Dear Sam: I have had several jobs over 10 years, including 2 in the past 2 years, and have received feedback that I have too many jobs and too many gaps in employment. If I don’t include all of my employment, it looks like I am hiding something; if I do include everything, it looks bad. What do I do? – David

Dear David: A resume is a strategic picture of what you have done, which positions you for what you now want to do. Very different from an employment application—which typically requires the disclosure of all roles—a resume affords you the ability to be somewhat selective in what you include and omit. Once you omit months in your dates with each employer, a cleaner picture will emerge. Often the omission of months allows the relatively clean exclusion of short-term and unrelated positions, not to mention near elimination of the appearance of employment gaps. For example, if you were out of work from January 2018 until December 2019 and include months and years, potential employers will see a rather large gap in employment. If you omit months of employment, you end one position in 2018 and pick up another in 2019.

While one would have to assume you ended one engagement in December and started the other in January, it at least closes the gap and removes a potential disqualifier. If you held multiple short-term and unrelated roles during that time out of your career, you could omit those from your resume without fear of retribution. Hiring managers understand that your resume is not a narrative of everything you have ever done, so don’t worry about being seen as “hiding” something. Additionally, the challenges everyone has faced in the job market since spring 2020, you certainly will not be the sole applicant with a less-than-perfect recent tenure. As I mentioned, an employment application is a very different animal, but let’s hope most of the positions you apply for are resume- and not application-driven. Best of luck.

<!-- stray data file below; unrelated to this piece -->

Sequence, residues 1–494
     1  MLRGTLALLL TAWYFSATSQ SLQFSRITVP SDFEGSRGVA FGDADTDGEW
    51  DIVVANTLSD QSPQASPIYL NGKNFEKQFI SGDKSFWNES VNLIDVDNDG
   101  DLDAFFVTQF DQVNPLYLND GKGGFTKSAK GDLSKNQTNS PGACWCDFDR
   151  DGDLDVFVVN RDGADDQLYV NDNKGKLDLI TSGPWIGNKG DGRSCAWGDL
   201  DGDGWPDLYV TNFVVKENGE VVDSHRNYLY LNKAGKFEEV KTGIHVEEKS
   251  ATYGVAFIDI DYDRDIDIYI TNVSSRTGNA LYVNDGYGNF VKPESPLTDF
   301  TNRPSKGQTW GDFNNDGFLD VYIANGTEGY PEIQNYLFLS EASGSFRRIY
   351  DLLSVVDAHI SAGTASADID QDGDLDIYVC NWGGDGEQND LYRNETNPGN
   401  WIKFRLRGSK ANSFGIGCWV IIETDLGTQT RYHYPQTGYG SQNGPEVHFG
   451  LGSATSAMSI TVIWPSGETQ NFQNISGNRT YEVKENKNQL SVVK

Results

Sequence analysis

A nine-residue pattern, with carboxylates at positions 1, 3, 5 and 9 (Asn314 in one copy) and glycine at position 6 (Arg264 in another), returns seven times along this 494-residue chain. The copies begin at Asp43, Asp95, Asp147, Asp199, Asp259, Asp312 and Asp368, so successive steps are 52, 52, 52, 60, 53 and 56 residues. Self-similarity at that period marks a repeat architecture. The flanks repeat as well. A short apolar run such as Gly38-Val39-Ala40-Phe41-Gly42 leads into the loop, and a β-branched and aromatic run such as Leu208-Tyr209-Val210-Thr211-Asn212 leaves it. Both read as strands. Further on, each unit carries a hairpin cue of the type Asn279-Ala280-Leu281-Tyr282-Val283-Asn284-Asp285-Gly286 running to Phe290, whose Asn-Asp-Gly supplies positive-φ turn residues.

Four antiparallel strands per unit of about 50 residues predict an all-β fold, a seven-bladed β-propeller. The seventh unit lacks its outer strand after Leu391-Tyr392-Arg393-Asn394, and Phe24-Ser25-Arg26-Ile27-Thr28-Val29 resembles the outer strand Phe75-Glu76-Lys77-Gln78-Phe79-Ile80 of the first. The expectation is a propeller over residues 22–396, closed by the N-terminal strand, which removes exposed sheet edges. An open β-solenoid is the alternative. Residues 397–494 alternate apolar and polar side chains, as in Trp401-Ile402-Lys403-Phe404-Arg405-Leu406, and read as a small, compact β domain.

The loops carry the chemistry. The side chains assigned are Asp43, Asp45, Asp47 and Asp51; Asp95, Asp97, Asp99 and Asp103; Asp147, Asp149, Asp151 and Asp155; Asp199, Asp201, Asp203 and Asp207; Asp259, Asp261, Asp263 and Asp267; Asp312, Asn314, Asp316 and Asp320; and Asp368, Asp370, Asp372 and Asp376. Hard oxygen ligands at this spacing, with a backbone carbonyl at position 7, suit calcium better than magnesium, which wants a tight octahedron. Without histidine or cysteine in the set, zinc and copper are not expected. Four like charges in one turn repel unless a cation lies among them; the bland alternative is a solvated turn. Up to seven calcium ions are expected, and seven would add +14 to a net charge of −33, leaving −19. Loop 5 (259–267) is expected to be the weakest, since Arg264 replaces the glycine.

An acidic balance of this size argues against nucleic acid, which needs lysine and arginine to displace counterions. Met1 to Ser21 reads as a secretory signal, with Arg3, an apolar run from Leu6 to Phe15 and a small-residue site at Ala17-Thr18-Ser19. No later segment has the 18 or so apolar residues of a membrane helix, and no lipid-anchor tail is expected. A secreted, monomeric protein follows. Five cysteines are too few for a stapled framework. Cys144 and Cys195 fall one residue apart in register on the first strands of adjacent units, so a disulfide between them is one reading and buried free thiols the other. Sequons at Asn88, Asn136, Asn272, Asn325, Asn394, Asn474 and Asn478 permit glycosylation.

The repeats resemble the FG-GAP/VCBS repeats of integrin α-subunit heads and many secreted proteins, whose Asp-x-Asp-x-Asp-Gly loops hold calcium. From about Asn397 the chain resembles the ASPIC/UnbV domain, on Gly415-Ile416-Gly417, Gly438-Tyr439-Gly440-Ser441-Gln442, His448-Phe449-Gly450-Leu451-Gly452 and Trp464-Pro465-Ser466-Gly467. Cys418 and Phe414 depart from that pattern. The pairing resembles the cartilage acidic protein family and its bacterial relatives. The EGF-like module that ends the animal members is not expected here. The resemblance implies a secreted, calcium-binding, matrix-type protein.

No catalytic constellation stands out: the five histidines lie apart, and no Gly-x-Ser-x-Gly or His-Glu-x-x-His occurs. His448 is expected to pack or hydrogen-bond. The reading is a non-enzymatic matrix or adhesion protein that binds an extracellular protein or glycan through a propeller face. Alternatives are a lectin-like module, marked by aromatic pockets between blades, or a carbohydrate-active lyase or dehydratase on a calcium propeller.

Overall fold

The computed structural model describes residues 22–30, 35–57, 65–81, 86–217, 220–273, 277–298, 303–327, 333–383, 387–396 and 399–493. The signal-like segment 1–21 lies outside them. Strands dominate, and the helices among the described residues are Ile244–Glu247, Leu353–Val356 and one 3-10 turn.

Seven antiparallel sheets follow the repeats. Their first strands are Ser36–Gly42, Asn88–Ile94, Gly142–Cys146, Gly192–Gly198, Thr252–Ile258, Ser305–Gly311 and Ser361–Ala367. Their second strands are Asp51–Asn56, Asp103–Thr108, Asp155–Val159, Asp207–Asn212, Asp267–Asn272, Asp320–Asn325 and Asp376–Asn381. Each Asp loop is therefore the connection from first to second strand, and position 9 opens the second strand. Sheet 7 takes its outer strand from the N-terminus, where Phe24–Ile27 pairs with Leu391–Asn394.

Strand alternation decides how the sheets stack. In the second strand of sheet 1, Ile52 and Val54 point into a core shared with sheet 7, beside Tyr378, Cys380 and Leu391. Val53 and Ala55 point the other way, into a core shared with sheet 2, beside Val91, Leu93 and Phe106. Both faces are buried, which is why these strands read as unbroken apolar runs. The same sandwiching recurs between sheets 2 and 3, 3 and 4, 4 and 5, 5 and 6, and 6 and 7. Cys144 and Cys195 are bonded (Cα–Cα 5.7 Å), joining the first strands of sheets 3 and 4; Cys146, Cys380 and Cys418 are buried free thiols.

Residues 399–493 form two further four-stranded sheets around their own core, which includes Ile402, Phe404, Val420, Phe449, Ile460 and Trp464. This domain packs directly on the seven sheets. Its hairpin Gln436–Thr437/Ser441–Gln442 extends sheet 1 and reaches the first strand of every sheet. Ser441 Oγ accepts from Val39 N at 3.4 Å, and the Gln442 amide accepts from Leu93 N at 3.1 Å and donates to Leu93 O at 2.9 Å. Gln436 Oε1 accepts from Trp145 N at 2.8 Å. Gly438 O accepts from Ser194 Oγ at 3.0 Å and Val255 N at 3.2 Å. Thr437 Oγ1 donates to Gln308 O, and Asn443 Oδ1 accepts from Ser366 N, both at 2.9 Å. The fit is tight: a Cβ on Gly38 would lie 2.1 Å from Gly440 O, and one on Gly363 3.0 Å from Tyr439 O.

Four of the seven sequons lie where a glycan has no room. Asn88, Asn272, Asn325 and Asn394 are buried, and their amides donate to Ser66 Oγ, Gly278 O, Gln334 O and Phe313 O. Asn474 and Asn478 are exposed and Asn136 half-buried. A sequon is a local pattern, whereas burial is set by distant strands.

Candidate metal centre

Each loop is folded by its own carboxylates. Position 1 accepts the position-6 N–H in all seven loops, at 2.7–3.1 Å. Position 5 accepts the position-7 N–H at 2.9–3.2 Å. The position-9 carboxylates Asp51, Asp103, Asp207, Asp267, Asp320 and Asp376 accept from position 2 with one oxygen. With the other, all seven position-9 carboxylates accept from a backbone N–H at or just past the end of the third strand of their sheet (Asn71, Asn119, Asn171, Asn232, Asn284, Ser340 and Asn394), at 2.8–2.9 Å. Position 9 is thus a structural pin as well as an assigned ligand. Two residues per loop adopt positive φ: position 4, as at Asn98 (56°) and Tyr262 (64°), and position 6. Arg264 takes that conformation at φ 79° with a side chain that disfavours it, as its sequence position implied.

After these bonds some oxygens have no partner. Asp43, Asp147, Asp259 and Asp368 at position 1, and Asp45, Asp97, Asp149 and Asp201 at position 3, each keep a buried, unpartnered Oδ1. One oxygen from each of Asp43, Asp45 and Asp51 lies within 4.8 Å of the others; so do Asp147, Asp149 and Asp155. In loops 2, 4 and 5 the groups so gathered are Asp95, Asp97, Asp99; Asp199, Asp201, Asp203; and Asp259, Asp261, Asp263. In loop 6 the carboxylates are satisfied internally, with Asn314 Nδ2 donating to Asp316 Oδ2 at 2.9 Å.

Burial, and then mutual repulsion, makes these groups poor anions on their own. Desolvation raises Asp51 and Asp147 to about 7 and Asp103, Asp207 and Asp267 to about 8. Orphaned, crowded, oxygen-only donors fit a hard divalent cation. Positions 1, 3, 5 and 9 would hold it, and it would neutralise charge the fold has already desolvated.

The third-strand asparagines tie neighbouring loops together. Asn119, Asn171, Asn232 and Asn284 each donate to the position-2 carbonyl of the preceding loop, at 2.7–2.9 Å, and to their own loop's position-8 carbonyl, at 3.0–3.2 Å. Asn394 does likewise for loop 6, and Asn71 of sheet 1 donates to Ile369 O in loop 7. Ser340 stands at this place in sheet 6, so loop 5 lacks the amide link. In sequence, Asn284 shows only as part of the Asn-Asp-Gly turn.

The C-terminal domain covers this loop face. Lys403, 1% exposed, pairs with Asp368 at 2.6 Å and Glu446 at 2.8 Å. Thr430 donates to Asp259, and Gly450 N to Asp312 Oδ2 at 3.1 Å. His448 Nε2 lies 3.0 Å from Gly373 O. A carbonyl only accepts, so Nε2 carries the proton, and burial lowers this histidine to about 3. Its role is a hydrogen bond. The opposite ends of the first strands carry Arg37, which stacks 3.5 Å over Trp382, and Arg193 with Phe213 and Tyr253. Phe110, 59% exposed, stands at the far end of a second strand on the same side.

Dear Sam: I am currently an adjunct college instructor and am seeking full-time employment in higher education. I possess a master’s degree but not a Ph.D. Should I enhance my skill set through more education? Or would it be better to amplify the skills I already possess, having taught college for 10+ years and having attended many professional development activities? – Matthew

Dear Matthew: I preface my answer by saying that you should, of course, review requirements for positions of interest to determine the prerequisite requirements for the roles. If a Ph.D. is non-negotiable, then, of course, you have your answer. I suspect, however, that it is not an actual “requirement” for the positions of interest; hence, answering your question to me.

I have to tell you; education is rarely the reason one candidate is more qualified than another. In addition, education is not often a differentiating qualification. When so many candidates—your competitors—apply for the same roles with very similar, if not identical, academic credentials, you are suddenly all on an even playing field. Therefore, how much you differentiate your candidacy is through the uniqueness of your experience.

Experience is how we are all unique. Granted, if those who you are competing against held similar roles to you in their past, and if you all explored your job description on your resume, you would, unfortunately, all look very much alike. It is the candidates, however, who take the time to dig deeper into each of their teaching roles, that will be infusing their resume with their uniqueness and differentiating their candidacy.

With more than 10 years of teaching experience, Matthew, I am confident you can position yourself as highly competitive for the teaching opportunities that do not require a doctoral-level degree. Remember, uniqueness comes from your hands-on experience, rarely your education. Best to you.